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Steeles swap helicopter for a 4WD in new rural ministry adventure


Auxiliary-Lieutenants Simon and Natalie Steele started their new appointment as Rural Chaplains in south-west NSW earlier this year.
BY LAUREN MARTIN and contributing writers

 

They say the red dust of the Outback gets in your blood. That was certainly the case for Auxiliary-Lieutenants Natalie and Simon Steele, who responded to a call from God in 2008 to become flying padres with The Salvation Army Outback Flying Service based in Mount Isa, Queensland. They planned to ‘give it a go’ for three years, but God’s call and the alluring beauty of the landscape and its people led to them staying for 15 years.

 

Now, the couple have said goodbye to an area that God has used to shape and transform them, knowing that the time was right to step out in faith into the next adventure of following Jesus. This time, swapping a helicopter for a 4WD and an appointment as Rural Chaplains – South-West NSW, based in Griffith.

 

Simon and his beloved helicopter in 2018 in the midst of a crippling drought.

Memories of the Outback – Simon

 

Simon Steele is no more at home than in the cockpit of a helicopter. He loves flying, and when God acted to combine this passion with his faith and a call to ministry, he and his wife Natalie jumped at the chance.

 

Almost at the start of their appointment, significant floods swept through Normanton and outlying outback communities and The Salvation Army was asked by the State Emergency Service to assist. “It really ignited my passion for that kind of work,” Simon remembers. “There was also Cyclone Yasi ... [and] there’s been a lot of other disasters. I’ve really enjoyed the challenge of that and utilising the tools that I have like my helicopter experience, to those things. Landing at properties [to bring in food and supplies] that you couldn’t get into by plane and were difficult to get into.”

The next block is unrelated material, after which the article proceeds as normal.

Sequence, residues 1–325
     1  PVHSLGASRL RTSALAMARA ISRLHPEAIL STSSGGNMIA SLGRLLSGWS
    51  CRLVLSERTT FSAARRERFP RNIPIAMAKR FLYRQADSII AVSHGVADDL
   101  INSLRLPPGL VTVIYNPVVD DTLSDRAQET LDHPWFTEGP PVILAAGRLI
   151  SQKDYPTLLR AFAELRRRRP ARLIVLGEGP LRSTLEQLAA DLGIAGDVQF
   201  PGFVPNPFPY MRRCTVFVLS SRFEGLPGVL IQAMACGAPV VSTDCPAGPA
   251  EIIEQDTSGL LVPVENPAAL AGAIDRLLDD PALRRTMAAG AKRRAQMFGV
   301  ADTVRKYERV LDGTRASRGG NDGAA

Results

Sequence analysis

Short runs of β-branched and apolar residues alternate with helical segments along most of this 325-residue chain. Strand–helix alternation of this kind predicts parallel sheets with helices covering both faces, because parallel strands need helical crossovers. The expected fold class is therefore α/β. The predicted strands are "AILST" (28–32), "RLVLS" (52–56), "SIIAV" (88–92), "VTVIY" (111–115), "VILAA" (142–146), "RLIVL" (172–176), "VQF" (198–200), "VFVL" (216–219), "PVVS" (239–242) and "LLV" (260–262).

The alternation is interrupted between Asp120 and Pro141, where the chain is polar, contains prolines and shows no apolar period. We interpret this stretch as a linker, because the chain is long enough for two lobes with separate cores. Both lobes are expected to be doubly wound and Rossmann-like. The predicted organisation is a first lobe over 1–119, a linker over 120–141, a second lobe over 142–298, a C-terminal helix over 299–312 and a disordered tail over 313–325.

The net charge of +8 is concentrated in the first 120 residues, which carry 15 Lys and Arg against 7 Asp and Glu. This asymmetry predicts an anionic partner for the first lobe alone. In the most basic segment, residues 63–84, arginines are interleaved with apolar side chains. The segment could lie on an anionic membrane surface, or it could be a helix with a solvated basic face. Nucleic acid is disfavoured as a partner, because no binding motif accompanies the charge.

Simon Steele says one of the highlights of his 15-year ministry in outback Queensland was assisting with significant flooding events.

Simon’s expertise earned him a reputation among emergency services personnel, and when a serious boating accident occurred on Christmas Eve in 2018, Simon didn’t hesitate to respond to a call for assistance. “That was a big highlight for me of our time in Mount Isa,” says Simon.

 

Simon and his friend, Jim Lillecrapp, were first on the scene of the accident at Lake Julius, 70km north-east of Mount Isa. They encountered a family of three whose boat had collided with an underwater log, resulting in serious and life-threatening injuries to three of them.


Simon, Jim and Lake Julius couple Belinda and Robert Worlein acted quickly, enabling the injured people to get treatment and be airlifted to hospital. 

 


Right: Simon preparing to take off in the rescue process of three people after an accident near Mt Isa in 2018. Left: The award presented to Simon.

 The four were honoured with a 2019 Royal Flying Doctor Service (RFDS) Queensland Local Hero Award for their quick thinking and level-headed response. They had already received the RFDS Local Hero award in Mount Isa.

 

“It was a real honour to receive this award,” he said at the time to Salvation Army writer Simone Worthing. “It really impacted me on the night that more than 750 people had gathered for the occasion, and we were part of such a big event.

 

“The greatest reward for me, though, is to know that three people who easily could’ve died are now alive. At the time, I didn’t realise just how critical the situation was. As I found out later, one of the patients probably would’ve only lived another hour had we not got him to hospital.”


Natalie says she will miss the people of the Outback communities who they shared life with.

Memories of the Outback – Natalie

 

“I think back on some of the events that we’ve been involved in,” says Natalie. “Places that we’ve been able to go, I think of Urandangie and the relationships that we had there and the different kinds of ministry that we had there, and we were able to invite other people to come and experience this unique iconic outback Australian community.”